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 DISPATCHER'S BLOG 

Should You Get an MC Number as a Truck Dispatcher?

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Today, we will discuss whether you, as a truck dispatcher, should get an MC number.

To answer this question, I will provide you with two different scenarios. First, we’ll discuss why you shouldn't get an MC number. Toward the end of this post, though, we’ll examine why you may actually want to consider it. Afterward, you can apply these scenarios to your personal situation and determine which choice might be the best for you. 
 

First, we need to answer a question as to why a truck dispatcher would want to get an MC number. The most common answers would be to access the load boards, book freight under your motor carrier authority, and then let your clients transport the cargo. 

Let's talk about load boards. To register on a load board, entering an MC number was once required, meaning you would have to get your client's permission to use their MC number to register for the load board and search for their loads. 

That is no longer true. Currently, you can get access to the DAT load board as an independent truck dispatcher without having an MC number. Since DAT is the largest load board, it will provide you with plenty of options to choose from for your clients. 

I am pretty certain that other load boards will follow suit pretty soon. However, if they don't and you do want to register, you can always go back to your client and explain to them that you can provide them with more load options if they allow you to register on a different load board using their MC number. 
 

The Pitfalls of Having an MC Number

It seems that if you had your own MC number, it would all be much easier. 

However, it is very important you understand that you are getting a motor carrier authority when you get your MC number; you are becoming a licensed motor carrier. 

This means you will have a lot of financial and administrative responsibilities. For example, you will have to start carrying quite expensive insurance and will have to go through DOT audits. So, going through all this trouble and spending all this money just to register for additional load boards does not seem reasonable to me. 

And getting your MC authority so you can book loads under your MC number to let other carriers transport it is an even worse idea. This practice is known as double brokering, and it is forbidden by most contracts you would have to sign with freight brokers. It clearly states that if trucks of another motor carrier that are not yours will transport the cargo you have booked, they don't have to pay you. 

Furthermore, they can blacklist your MC number in the various databases. And when you try to book a load in the future, nobody will be willing to give you one because you've been suspected of double-brokering loads with your MC number. You’d even expose yourself to multiple financial and legal risks by getting yourself involved with this practice.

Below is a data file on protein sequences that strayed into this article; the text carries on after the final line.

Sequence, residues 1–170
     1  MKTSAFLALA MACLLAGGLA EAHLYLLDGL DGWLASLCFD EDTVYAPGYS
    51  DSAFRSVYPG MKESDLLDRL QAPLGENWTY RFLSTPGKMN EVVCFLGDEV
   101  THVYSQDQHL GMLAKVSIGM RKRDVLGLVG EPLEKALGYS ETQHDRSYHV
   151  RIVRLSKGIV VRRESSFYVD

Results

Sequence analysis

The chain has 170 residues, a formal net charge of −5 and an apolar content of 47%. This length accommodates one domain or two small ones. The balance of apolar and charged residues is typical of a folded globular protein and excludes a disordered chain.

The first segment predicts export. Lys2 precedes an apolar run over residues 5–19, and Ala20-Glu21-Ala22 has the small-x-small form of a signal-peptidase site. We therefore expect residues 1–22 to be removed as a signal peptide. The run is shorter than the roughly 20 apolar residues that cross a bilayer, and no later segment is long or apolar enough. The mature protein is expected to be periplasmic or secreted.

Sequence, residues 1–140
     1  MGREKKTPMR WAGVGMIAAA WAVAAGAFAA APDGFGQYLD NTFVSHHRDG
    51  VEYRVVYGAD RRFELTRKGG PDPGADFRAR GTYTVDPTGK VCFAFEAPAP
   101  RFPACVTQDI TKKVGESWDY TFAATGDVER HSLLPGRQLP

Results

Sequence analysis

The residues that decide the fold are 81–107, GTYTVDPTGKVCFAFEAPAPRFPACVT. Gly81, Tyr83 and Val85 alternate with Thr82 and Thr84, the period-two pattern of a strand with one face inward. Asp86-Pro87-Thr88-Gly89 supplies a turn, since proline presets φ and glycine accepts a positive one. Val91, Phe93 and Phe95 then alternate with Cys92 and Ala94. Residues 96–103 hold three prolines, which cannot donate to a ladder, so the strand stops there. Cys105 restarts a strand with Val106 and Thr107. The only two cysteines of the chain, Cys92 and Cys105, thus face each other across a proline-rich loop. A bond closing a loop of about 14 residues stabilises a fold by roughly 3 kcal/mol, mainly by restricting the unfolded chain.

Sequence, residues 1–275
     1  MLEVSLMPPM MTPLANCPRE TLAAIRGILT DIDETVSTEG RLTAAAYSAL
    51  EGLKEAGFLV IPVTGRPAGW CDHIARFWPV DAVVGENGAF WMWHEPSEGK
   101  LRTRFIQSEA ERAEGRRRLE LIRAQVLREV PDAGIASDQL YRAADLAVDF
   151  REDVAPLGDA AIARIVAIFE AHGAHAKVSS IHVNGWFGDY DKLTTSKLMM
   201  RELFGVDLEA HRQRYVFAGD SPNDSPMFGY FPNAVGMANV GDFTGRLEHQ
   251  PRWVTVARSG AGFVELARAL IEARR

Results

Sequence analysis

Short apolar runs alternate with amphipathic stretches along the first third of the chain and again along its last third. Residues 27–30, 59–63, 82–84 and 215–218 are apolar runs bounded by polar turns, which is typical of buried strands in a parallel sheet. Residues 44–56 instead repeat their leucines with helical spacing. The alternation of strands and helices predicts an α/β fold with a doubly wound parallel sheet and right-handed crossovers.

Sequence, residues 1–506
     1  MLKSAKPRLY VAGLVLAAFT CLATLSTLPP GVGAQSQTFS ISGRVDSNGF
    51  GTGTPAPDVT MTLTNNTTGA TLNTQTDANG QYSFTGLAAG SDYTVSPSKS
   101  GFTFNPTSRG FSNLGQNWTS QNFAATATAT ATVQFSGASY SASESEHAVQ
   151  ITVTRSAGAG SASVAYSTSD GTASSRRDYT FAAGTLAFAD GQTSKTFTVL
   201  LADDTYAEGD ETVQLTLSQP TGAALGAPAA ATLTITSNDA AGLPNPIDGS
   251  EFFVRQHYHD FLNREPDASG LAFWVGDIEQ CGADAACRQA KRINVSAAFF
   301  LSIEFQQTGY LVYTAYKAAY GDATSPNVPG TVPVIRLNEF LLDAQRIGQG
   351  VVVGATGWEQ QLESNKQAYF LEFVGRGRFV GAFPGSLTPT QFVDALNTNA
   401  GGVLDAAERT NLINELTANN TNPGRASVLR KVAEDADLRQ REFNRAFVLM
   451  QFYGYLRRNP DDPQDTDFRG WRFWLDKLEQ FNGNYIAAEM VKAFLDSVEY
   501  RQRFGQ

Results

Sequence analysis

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The One Exception

We can kind of see that there is not really much reason you should get your MC number as a truck dispatcher. However, there is one exception. You may consider getting your motor carrier authority as a truck dispatcher if your truck dispatching operations will be built around this authority. 

Basically, this would be beneficial if you intend to operate as a motor carrier (trucking company), and dispatching is just a part of this operation. Once you have your authority, your pool of clients will open up quite a bit. 

As an independent truck dispatcher, you would normally only work with the motor carriers who have their own authority, and you would use their MC number to book freight for those clients. However, since you have your own MC authority now, you could accept owner operators who don't have their own MC authority. They would basically have to become your contractors and run under your authority. 

This becomes an entirely different business model. You can make much more money operating this model, but you will also be exposed to many more risks and liabilities. As a motor carrier, you’re now responsible for the safety, compliance, and financials. 

You have to make sure that you are well funded to run your trucking operations because trucks consume a lot of cash daily due to fuel, repairs, driver pay, etc., so you have to adequately prepare for this type of business. 

If you are new to the trucking industry, I would absolutely not recommend you get involved with this business model. You should start with simple dispatching; provide assistance as a service to trucking companies, and your expenses and risks are fairly low. 

If you are familiar with trucking and have experience in this industry, you may consider this model. Just ensure that you are well funded and have a good business model and structure in place. 

With all that being said, we can conclude that as an independent truck dispatcher, you most likely don't need an MC number unless you intend to become a licensed motor carrier. You can now apply these factors to your personal situation and determine what is best for you.

© By Roman Shmundyak June 2022

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